5 Reasons Retailers Should Embrace Blurred Lines

Feb 07, 2014 8:27 PM  By

Today, more than 60% of the U.S. adult population has a smartphone, while more than 50% have a tablet. This mass adoption of mobile devices (for the purpose of this article, “mobile devices” includes smartphones, phablets and tablets… let the terminology arguments begin!) is driving dramatic changes in retail and commerce, and this year will be no different.

Notice I said “commerce” and not “ecommerce.” That’s because 2014 will be the year that mobile devices further blur, obscure and shred the line between physical and electronic retail. Here are five reasons why:

The number of mobile devices and the time spent on them overwhelm PCs
As a Canadian, and by default a hockey fan, I believe that marketers will have to follow Wayne Gretzky’s advice and “skate to where the puck is going to be” this year. Mobile devices are always with us, and the data they generate allows for a level of personalized knowledge never previously available. Retailers need to leverage this data in all their marketing campaigns (online and offline) in order to remain competitive.

Offline retail goes digital
Catalogs, coupons and circulars will increasingly be created first, and frequently for digital devices. Look for not only more digital editions of print publications but also more digital-only versions of circulars and catalogs with a level of publication frequency and personalization that would be prohibitively expensive or impossible for their physical counterparts.

These 3 digital Cs will become daily touch points for loyal customers and prospects, resulting in dramatically increased brand engagement. Print counterparts, however, will continue to support large volume seasonal events and mature VIP customers.

Showrooming will become a fact of life
Retailers will embrace showrooming with sophisticated geolocation offers, same-day shipping and no or low inventory pop-up satellite stores. Consumers are now accustomed to using mobile devices in-store to check deals and prices elsewhere, so retailers will begin to embrace this practice and retaliate with instant offers of their own. Big Brother will be watching…but instead of trying to get you to forget about that device in your pocket, you’ll instead get incentives for using it.

The success of same day delivery shopping
We live in a world of instant gratification. Google Shopping Express. eBay Now. Amazon Prime Air, aka, drones. Enough said.

Online experiences will become more about engagement
Just as lifestyle stores such as Apple, Sur La Table, Sephora, and Tesla engage customers in the physical world, online retailers must do more e-engagement to gain significant brand advantage over purely functional etailers. The typical online experience is currently way too functional (search, find, buy) and eschews best engagement practices from the physical world.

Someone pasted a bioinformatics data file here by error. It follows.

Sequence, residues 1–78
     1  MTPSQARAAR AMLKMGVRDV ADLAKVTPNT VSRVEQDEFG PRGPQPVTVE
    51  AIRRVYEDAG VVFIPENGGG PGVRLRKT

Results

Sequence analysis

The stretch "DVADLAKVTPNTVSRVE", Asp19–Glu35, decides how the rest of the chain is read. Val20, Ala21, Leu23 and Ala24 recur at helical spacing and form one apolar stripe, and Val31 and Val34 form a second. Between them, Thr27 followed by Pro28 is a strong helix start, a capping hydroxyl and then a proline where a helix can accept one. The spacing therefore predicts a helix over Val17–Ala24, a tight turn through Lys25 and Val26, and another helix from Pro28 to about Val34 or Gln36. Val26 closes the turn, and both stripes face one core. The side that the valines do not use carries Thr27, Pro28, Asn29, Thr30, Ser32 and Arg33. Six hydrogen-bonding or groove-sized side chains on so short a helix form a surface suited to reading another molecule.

Two predictions: Amazon’s Kindle “Mayday” button will go beyond real-time tech support and move into shopping services; and Nordstrom and Neiman Marcus will offer digital personal stylists that complement real-world services.

Now in reality, these five factors are a big deal but perhaps, too much for many retailers to absorb. There will be some difficulty in adapting to the changing market.

Remember how long it took for web commerce to take hold? And how popular do the iPhone and Android phones have to be for retailers to optimize their email formats and websites anyway?

Yet, there are a number of forward-thinking retailers that have started to embrace the new mobile market:

  • eBay has made impressive moves in mobile and now drives over 40% of its business on mobile. You can bet these mobile transactions have valuable data that will be used for future personalized offers.
  • Google, eBay (via its Shutl acquisition), and Amazon are enhancing same-day delivery with big data-derived intelligence. Amazon’s recent patents in anticipatory shipping demonstrate the type of thinking required to move product closer to consumers who have demonstrated a higher likelihood of purchase. Customers will get addicted to this convenience, as they did with “one-click purchasing,” and begin to demand it.
  • Retailers like Nordstrom (and its HauteLook brand) have increased digital distribution of traditional catalogs, in addition to offering daily digital catalogs to more deeply engage with current customers and prospects. Companies like Catalog Spree, Publitas, Wishabi, eBates, and RetailMeNot are re-imagining catalogs, circulars and coupons to take advantage of massive digital distribution and hyper frequency at sustainable costs.

In 2013, we witnessed a massive shift in web traffic – with more than a quarter now coming from smartphones and tablets. What may be less obvious is the amount of e-commerce traffic generated within physical stores. And it’s only going to increase.

I expect innovative retailers (new and established alike) to continue to jump on these market changes and use them as an advantage against slower moving competitors as the worlds of commerce and ecommerce become one.

Joaquin Ruiz is CEO of Catalog Spree.